Believe it or not we spend more time in our vehicles than we do outside. I have friends who live in or around the city and their idea of getting some nature is to go down to the park and have their kids play on the swings for a half hour while the parents play on their phones. A friend came up to our house to visit from the city a year ago and I took her young son and my five year old daughter to the woods. This boy walked about twenty feet and tripped over a log because he didn’t know to look at the ground for obstacles. He was so used to walking on manicured lawns and paths it never occurred to him that there might be something in the way!
by Jarhead Survivor, contributing writer
Kids between the ages of five and sixteen spend an average of six and a half hours per day in front of a screen, which is terrible; however, I do believe the kind of screen time spent is important. I assume that most kids spend their time watching videos, playing games, and engaging on social media. This kind of screen time is passive and they are just sitting there slowly turning into a vegetable. If they are producing something on the other hand, like writing a blog post, then I think the screen time isn’t as bad. Yes, they’re not physically active; however, if they are producing some kind of content then they are stretching their minds and growing in that regard.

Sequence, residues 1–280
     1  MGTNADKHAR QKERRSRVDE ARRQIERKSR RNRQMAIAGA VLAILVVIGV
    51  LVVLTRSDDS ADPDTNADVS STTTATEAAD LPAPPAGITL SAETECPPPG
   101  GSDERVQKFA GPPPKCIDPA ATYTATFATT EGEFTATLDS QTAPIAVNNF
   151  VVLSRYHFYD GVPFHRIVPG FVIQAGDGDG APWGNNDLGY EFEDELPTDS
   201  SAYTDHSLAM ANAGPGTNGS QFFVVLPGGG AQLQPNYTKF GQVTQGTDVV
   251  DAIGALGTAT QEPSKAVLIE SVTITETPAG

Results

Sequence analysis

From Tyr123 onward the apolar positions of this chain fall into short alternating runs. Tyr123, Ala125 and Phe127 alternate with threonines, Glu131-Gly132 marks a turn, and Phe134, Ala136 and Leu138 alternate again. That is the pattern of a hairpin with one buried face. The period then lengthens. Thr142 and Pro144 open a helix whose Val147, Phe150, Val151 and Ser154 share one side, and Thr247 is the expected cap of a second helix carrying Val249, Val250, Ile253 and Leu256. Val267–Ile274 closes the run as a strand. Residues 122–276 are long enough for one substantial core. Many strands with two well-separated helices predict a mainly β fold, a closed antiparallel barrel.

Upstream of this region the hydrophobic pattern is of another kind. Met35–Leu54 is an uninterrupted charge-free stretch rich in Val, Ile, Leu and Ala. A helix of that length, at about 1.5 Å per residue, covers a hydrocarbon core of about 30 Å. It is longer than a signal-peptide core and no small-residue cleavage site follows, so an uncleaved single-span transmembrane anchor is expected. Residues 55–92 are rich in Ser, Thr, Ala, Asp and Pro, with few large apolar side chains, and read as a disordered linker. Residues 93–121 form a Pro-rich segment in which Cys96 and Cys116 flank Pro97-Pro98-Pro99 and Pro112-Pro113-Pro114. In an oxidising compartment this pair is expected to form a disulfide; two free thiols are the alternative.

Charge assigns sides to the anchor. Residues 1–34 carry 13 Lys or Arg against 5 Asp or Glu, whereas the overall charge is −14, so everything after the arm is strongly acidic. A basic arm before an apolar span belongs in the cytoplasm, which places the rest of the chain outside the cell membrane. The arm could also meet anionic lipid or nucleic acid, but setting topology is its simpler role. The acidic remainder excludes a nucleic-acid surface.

Physically, on the other hand, this can’t be good for them. I have a seven year old boy who would gladly veg in front of his Kindle playing games all day if we let him. I also have a five year old girl who would sit in front of the TV watching Netflix and eating chips if we gave her the thumbs up, but we don’t. My wife regularly throws the kids outside and makes them play out there. The funny thing about kids though is that once they’re outside playing they don’t want to come in.
There’s nothing wrong with technology per se, it’s only when we allow it to consume our lives that it becomes an issue. From the first moment we get up to the time we go to bed, we are stuck to some kind of screen. I’m not saying I don’t, but we do try to have a little balance in our lives. My wife hates the amount of time the kids spend in front of their devices. As such, we will force them to play outside.